Scientists have created the world’s first ‘living’ robots by using stem cells from frog embryos. These millimeter-wide “xenobots” will be able to move towards a designated target, pick up a payload such as a medicine, and heal themselves after being cut.
From moving in arteries to scrape out plaques to searching for contamination deep in the ocean, the possibilities are endless for these tiny robots.
These new creatures were designed on a supercomputer and then built by biologists. What they did was truly remarkable: they turned the cells into machines that can be programmed to work with their wishes.
"Xenobots" take their name and stem cells from the African clawed frog (Xenopus laevis). They can regenerate and are entirely biodegradable when they die. Killing them is not easy though: unlike traditional materials, the robots can be sliced almost in half and will fix themselves back to their normal form.
In order to create them, researchers took stem cells from the embryos of African frogs. After incubating them, they used extremely tiny tools to cut them apart. The parts were assembled into the designs created in the supercomputer.
This is truly extraordinary since scientists basically meshed organic material together to create a life-form that didn't exist in nature before.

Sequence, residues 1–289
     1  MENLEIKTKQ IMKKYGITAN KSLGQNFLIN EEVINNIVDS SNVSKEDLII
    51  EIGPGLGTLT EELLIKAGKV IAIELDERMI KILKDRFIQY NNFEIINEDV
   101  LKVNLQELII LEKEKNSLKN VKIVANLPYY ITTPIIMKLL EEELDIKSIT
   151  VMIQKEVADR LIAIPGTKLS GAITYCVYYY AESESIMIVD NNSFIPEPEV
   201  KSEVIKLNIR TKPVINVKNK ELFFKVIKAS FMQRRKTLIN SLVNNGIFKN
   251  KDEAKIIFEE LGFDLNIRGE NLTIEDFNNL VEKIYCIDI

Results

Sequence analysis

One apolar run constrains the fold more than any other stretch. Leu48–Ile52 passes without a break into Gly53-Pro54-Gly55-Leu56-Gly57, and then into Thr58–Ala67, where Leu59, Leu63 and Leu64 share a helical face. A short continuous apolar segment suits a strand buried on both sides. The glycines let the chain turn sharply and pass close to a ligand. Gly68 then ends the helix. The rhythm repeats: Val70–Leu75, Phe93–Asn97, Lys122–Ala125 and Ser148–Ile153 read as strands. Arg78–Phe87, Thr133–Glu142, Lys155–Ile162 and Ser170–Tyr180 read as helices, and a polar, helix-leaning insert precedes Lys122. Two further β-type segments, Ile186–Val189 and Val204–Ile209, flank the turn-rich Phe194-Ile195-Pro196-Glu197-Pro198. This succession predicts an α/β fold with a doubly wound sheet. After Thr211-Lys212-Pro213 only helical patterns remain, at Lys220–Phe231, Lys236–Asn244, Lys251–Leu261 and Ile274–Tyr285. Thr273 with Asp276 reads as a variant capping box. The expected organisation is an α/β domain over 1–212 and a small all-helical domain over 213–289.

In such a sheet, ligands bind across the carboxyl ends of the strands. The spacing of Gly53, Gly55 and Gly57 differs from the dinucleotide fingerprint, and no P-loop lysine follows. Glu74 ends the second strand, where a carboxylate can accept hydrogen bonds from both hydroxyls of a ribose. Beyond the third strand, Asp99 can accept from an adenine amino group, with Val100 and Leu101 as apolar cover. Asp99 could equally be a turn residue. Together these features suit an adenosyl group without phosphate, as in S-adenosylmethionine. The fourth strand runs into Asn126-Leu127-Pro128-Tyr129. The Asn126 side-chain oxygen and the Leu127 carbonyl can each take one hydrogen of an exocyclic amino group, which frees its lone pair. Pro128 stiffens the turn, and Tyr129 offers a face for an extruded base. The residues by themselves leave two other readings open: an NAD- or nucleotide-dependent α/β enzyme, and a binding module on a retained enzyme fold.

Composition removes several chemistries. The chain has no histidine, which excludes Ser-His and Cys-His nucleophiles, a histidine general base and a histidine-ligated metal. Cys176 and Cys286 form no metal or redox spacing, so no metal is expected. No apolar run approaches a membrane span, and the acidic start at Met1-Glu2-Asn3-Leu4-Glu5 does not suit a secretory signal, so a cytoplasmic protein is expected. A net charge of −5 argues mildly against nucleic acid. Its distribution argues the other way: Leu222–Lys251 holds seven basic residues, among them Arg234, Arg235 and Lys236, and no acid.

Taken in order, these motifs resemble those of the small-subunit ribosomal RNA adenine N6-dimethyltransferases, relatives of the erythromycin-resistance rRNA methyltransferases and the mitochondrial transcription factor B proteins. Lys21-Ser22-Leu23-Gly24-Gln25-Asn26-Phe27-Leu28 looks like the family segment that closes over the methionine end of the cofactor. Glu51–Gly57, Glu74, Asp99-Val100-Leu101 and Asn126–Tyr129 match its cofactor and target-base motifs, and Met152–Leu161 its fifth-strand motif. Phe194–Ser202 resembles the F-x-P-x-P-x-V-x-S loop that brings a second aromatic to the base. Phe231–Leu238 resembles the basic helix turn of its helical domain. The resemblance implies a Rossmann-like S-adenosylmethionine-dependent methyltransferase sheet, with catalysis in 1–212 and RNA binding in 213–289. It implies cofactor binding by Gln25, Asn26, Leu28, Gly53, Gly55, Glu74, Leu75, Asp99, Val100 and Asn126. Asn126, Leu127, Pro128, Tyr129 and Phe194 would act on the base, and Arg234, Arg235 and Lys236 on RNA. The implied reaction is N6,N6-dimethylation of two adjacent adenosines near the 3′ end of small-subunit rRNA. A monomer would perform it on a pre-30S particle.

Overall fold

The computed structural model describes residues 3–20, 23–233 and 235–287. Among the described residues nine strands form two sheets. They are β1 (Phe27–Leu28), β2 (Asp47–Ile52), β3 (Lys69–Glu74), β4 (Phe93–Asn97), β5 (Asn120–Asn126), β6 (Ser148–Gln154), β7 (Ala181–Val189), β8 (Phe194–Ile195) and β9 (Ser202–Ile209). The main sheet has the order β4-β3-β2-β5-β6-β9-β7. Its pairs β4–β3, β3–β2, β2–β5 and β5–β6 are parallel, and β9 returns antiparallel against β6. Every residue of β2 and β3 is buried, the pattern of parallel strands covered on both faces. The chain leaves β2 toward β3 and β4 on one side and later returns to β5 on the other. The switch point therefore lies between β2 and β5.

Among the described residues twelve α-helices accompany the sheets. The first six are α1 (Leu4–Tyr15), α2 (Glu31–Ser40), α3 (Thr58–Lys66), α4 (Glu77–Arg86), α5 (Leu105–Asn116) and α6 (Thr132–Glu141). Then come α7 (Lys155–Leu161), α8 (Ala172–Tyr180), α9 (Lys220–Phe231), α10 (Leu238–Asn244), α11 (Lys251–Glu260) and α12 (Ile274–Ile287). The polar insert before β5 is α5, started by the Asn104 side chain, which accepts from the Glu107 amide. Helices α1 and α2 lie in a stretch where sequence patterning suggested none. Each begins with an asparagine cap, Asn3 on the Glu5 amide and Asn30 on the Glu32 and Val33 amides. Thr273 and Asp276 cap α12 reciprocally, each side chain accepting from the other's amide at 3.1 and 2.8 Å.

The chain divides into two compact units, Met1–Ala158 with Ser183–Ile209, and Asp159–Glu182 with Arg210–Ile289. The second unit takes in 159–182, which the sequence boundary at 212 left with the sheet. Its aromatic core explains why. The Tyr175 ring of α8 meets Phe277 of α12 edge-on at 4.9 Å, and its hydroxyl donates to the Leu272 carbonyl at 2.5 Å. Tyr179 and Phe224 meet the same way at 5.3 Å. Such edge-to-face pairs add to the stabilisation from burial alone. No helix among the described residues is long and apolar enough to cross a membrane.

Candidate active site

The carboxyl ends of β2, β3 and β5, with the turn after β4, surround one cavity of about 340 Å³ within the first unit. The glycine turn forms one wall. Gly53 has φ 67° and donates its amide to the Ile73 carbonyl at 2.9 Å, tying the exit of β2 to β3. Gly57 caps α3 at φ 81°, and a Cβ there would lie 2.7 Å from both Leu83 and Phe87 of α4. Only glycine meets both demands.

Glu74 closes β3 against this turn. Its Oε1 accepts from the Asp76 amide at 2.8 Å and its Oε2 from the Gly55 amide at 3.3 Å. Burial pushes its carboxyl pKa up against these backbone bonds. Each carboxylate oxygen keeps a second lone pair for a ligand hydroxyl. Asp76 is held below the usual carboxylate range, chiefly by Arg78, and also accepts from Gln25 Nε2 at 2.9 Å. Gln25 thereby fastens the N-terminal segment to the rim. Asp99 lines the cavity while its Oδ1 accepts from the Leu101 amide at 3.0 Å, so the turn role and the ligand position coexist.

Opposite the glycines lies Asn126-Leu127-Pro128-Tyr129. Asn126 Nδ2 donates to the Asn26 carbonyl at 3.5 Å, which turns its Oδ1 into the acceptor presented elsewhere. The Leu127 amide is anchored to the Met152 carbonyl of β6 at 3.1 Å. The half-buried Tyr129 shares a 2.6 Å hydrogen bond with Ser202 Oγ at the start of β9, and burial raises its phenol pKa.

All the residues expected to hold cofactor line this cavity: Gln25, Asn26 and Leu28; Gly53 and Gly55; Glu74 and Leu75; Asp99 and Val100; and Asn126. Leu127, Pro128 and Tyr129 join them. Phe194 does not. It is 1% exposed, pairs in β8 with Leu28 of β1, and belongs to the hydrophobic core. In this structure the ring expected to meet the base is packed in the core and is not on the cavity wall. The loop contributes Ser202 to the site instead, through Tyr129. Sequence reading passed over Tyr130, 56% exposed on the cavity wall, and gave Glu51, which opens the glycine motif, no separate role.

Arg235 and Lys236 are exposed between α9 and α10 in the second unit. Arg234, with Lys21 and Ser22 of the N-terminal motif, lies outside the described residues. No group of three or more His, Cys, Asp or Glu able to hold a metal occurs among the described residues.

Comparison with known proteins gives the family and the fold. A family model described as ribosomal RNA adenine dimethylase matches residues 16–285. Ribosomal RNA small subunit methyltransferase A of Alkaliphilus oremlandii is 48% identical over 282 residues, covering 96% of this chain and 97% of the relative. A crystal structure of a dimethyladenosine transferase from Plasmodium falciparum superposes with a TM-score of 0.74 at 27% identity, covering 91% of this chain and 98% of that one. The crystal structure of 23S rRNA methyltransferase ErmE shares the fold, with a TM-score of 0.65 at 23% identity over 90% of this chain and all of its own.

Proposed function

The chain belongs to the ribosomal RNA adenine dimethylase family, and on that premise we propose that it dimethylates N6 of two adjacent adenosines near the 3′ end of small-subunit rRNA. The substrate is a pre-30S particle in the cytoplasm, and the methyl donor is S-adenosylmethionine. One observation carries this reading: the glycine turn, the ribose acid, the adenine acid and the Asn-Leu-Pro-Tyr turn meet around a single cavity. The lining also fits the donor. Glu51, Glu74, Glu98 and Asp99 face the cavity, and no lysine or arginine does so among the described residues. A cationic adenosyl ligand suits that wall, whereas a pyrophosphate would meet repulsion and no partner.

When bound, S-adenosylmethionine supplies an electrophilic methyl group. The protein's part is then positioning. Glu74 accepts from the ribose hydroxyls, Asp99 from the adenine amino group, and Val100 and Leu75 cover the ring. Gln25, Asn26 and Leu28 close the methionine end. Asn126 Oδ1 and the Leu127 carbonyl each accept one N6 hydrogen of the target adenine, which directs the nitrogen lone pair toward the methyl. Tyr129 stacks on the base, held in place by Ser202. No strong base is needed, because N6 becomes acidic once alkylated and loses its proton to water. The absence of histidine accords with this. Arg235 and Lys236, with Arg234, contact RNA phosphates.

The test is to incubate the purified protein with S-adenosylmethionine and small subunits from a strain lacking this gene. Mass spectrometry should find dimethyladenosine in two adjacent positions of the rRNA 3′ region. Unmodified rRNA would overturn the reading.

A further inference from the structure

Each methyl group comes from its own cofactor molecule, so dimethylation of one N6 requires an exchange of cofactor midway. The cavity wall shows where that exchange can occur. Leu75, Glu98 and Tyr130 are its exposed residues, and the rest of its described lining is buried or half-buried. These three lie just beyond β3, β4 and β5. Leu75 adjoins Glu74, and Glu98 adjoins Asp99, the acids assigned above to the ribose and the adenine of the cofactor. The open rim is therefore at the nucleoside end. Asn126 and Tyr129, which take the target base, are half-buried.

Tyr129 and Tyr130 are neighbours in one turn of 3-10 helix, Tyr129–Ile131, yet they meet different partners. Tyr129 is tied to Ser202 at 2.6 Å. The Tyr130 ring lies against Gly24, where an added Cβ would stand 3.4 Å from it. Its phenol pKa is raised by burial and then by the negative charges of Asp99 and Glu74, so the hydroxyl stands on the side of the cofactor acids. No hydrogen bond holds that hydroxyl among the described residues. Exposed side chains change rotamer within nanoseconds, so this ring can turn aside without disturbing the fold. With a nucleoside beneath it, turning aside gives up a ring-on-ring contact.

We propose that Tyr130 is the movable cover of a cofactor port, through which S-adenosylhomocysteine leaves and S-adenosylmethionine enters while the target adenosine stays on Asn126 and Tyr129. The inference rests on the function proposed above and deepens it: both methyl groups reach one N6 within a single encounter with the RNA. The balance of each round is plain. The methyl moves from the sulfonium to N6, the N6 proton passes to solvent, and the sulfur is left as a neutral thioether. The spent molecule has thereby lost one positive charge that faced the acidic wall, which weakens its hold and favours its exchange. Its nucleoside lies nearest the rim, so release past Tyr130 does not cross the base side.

The tiny robots move pretty slowly and they are able to push other objects around. Researchers also created a pouch inside the new life-forms which will enable them to carry a payload around in the future.
These “xenobots” sound like sci-fi nightmare fuel and developments such as these must be threaded lightly. If these systems that we create become adequately complex, it might be impossible for us to predict their future behavior.
This is not an unreasonable fear. However, this new study is an important step towards understanding such systems and getting a handle on what people are afraid of in the first place. The thought of tiny robot soldiers navigating through your bloodstream might keep you at night, however, it might not have to be scary at all.